I came across two recent stories from organisational life which reminded me of how attempts to rationalise it can often bring about irrational consequences, and how schemes to systematise and order can disrupt even as they try to make things cohere.
One educational institution I know has decided to streamline and control its purchasing with the noble intention of cutting costs. This means that any member of staff wanting to buy something has to fill in a form justifying the purchase and explaining why they are using the particular provider they have chosen. The form designed by purchasing colleagues clearly has in mind those members of staff ordering stationery or perhaps chairs, since there are questions to be answered about which catalogue and which page the item is on, which colour you are ordering, and where you want the item delivered. Be that as it may, all members of staff have to fill in the same form.
In anticipation of next year’s centenary commemoration of the start of WWI staff in the History department encouraged students to undertake a creative project and make a short film about the war. They found a historian locally who had turned his garden into a mock-up of a WWI trench. In return for the use of his facility and in order to maintain it, the man asked for a fee of £500. In order to get the man paid, staff in the History department had to convince purchasing colleagues by filling in the form explaining why they had not used the institution’s ‘preferred suppliers’ of WWI trenches and why they had not sought competitive bids.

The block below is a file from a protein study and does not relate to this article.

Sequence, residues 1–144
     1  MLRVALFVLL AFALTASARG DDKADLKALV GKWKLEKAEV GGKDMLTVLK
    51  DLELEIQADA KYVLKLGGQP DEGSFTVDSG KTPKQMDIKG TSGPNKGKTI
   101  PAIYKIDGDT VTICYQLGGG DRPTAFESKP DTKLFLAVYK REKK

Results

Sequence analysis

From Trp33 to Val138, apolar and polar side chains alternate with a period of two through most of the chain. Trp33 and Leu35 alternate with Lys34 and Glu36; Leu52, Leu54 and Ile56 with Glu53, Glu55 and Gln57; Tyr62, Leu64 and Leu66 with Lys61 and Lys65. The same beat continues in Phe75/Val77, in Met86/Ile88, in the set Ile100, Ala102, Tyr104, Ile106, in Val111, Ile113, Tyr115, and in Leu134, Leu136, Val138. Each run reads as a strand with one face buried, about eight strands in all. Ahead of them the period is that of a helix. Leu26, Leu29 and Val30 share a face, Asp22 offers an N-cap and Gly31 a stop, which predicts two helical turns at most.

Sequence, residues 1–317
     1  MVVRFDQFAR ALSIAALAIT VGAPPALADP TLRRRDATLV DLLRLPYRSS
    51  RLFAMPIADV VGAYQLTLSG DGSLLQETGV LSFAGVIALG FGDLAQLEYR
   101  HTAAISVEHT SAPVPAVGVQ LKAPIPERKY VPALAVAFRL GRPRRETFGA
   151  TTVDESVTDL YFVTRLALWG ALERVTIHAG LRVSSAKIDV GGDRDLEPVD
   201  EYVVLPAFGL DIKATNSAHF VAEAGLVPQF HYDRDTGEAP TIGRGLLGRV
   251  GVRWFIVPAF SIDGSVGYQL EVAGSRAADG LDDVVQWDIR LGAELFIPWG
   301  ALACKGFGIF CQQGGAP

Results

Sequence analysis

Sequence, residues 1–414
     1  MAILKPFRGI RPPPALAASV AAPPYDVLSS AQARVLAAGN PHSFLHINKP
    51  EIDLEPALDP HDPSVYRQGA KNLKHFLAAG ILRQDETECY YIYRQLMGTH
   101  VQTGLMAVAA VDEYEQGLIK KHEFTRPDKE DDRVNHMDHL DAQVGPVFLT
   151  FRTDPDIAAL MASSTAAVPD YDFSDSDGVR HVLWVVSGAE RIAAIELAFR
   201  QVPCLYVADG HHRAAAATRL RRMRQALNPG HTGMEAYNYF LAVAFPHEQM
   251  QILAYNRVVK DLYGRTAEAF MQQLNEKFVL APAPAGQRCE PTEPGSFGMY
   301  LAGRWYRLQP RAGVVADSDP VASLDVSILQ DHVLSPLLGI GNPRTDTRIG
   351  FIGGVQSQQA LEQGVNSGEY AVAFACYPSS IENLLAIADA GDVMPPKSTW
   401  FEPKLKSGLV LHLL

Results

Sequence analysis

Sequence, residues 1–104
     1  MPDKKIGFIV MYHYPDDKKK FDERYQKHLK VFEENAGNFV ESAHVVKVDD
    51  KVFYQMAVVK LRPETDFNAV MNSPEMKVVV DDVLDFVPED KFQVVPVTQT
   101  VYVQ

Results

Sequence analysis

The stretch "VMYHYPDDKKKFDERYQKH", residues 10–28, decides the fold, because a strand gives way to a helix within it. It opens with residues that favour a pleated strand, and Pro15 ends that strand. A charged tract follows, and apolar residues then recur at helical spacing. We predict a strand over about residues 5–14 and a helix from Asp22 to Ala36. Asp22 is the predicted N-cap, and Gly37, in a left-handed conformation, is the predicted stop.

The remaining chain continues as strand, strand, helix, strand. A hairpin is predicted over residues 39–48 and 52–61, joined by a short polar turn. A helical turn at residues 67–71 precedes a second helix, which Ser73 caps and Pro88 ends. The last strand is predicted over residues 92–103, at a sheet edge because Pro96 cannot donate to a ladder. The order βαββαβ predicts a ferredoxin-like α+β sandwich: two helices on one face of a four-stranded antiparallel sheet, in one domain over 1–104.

In another organisation a recent restructuring was used as a way of both centralising and decentralising control. In terms of centralisation, all financial responsibility was pulled upwards to the rank of directors of departments, so members of staff who previously had had financial responsibility for, say, signing off their teams’ expenses no longer could. And as for decentralisation, colleagues at the newly configured ‘centre’ of the organisation were told that they couldn’t speak to colleagues in the region, because now the organisation was devolved requests for help should come from the periphery to the centre, rather than the other way round. Otherwise it would seem as though the centre was dictating terms to the regions, rather than strategy emerging responsively and ‘bottom up’. Continue reading